I like Toronto; they have good guards, and Bosh is a versatile player. But they're a cute team, not a playoff team. Where is the toughness going to come from? Who's going to stop Howard? Who will match up with Turkoglu? The Magic are too tough for the Raptors, and TJ Ford might die on the court at any time trying to fight through a Dwight Howard pick.
(2) Detroit over (7) Philadelphia (5 games)
Detroit goes up 2-0, winning by a combined 30 points, gets bored and drops game 3, then finishes off Philly.
Eastern Conference - Second Round
(1) Boston over (4) Cleveland (5 games)
LeBron is amazing, but Boston is just going to absorb his 40 ppg and laugh at the 30 points that the rest of the team put up. Much as I'd love an upset of Boston, the only team capable of challenging them in the East is Detroit. The more interesting question is whether Ben Wallace has more points or more fouls in this series. I think it'll be close.
(2) Detroit over (3) Orlando (6 games)
Assuming the Pistons come to play, they should take this pretty easily. The key, as always, is Rasheed Wallace. I still have flashbacks to playoff games in the Garden, against Portland, as Sheed got the ball in the post against Robert Horry on the first play of every game, as the crowd exploded: "Sheeeeeeeeeeeeeeeeeeeeeeed!"
And yes, I am still terrified of Mr. Wallace. He needs to post up more and shoot fewer threes.
Eastern Conference Finals
(1) Boston over (2) Detroit (7 games)
Really looking forward to this one, but Boston is the better team. I really hope KG's head explodes in a blowout win, as he screams at Kendrick Perkins for not diving after a meaningless loose ball with 10 seconds left.
(1) Boston over (1) Lakers (6 games)
Sadly, I just don't think the Lakers will beat Boston in a 7-game series this year. In both head-to-head matchups, the Celtics destroyed the Lakers. Also, the Lakers simply won't be at full strength. If LA had Bynum and Ariza healthy and integrated into the offense, then I'd take LA in 7 - the Lakers would simply be too big for Boston, with Gasol, Bynum, and Odom up front. This year, with both players out, the Lakers don't have the firepower.
Prove me wrong, Lakers.
MVP: Kobe Bryant
I wouldn't be upset if any of the other front-runners won either. In the end, Kobe edges out Lebron because of toughness and leadership - Kobe played through a torn tendon that should have required surgery, while Lebron sat out too many games with a sprained finger. He beats Paul because Paul's team was healthier the whole season, so CP3 did not have to change his game to accommodate a shifting roster. Paul also seemed to run out of gas at the end.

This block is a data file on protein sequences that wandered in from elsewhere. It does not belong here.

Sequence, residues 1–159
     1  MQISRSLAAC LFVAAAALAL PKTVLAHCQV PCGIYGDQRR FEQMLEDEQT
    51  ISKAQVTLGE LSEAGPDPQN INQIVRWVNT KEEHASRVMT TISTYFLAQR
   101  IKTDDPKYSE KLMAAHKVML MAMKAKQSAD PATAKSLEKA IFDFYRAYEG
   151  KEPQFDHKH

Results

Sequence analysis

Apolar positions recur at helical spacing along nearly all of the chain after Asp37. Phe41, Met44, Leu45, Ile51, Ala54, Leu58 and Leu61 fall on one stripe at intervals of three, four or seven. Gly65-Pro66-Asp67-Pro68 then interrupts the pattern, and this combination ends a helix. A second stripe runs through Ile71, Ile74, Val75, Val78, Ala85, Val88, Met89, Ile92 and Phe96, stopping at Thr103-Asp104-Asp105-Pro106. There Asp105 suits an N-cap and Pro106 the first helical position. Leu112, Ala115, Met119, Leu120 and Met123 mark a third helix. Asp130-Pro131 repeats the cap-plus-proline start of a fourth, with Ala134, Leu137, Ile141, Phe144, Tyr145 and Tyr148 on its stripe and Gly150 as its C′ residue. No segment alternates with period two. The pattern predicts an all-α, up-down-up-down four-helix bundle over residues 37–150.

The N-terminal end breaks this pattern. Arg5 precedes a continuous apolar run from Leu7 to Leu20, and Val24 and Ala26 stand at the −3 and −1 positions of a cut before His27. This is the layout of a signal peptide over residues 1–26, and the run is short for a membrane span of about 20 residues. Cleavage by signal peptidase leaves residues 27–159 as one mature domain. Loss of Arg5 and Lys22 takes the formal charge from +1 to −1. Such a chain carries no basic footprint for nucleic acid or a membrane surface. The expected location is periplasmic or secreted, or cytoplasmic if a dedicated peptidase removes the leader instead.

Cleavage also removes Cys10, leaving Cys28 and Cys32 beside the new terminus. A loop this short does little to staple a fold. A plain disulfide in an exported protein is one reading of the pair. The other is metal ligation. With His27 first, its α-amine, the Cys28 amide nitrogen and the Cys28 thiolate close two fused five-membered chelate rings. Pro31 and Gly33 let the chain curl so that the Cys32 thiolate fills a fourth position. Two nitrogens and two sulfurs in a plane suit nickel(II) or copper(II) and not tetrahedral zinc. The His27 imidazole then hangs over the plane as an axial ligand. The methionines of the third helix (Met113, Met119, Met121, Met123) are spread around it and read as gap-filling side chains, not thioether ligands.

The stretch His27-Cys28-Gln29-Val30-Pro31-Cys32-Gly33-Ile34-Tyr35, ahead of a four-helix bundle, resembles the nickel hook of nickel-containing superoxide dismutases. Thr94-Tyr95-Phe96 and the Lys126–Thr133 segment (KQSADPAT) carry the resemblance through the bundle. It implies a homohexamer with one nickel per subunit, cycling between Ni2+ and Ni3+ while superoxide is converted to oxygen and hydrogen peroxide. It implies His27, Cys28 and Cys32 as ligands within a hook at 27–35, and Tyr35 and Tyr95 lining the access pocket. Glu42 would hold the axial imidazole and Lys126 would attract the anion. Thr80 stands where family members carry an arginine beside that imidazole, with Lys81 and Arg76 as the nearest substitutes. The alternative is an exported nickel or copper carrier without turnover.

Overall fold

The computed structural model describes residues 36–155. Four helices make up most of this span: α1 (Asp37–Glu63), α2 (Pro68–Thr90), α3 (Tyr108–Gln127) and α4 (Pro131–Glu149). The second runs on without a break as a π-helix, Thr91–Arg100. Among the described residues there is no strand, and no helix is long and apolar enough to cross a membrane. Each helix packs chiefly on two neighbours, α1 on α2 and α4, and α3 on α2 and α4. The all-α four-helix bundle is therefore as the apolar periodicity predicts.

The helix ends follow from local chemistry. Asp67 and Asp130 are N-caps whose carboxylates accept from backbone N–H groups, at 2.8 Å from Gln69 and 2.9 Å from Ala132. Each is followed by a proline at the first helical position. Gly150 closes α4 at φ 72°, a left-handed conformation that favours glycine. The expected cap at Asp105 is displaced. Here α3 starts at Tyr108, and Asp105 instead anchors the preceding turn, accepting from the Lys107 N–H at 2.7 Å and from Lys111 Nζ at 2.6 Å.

Garnett did transform a franchise, but his individual numbers were worse than the other candidates, and this was not his best individual year. In fact, I thought Pierce was the most important player on that team most nights. The "turned a franchise around" argument is compelling, but I wonder where the line is when a star has a down year in stats. What if team X signed some veteran leader, a Derek Fisher type, and that veteran unquestionably turned the team around? He changed the defensive intensity. He reached out to the star player and got him to play harder. He nurtured the young guys. If that guy averaged 10 points and 9 rebounds, is he the MVP if he changed the franchise? I say no. KG obviously has better numbers than that, but where is the line?
Giving the MVP to Steve Nash two years running, when he wasn't even the best player on his own team, basically ruined the MVP debate. If Kobe had won as he should have in 2006, then this year we could give the award to Paul or LBJ. Instead, we're stuck with a situation where Paul is a better PG than Nash was in either of his MVP seasons, and Kobe turned in a performance that was statistically very similar to his performance the last few years. Plus, we now have the awkward precedent of giving the MVP to someone who can't play defense. If you read recent MVP articles, writers are coming up with convoluted defenses of why Nash could win those years, but this year the criteria are totally different. Marc Stein sounded like a Supreme Court justice trying to draw some artificial distinction between nad law that he had made a few years earlier and the facts before him now. Simmons (who never supported Nash for MVP) argued that Kobe shouldn't win this year because his stats were worse than 2006, and he didn't win then. Fellas, the system is broken. Y'all gave the MVP to some nice, clean-cut Canadian kid who was good at passing the ball to All-Star teammates, not just once but twice, when all the statistics showed that that was ludicrous. Now you have to live with the choice, but it's still impossible to justify
Kobe will win this year, simply because the MVP voters screwed up in 2006. Better late than never, I guess, but it doesn't feel entirely satisfying.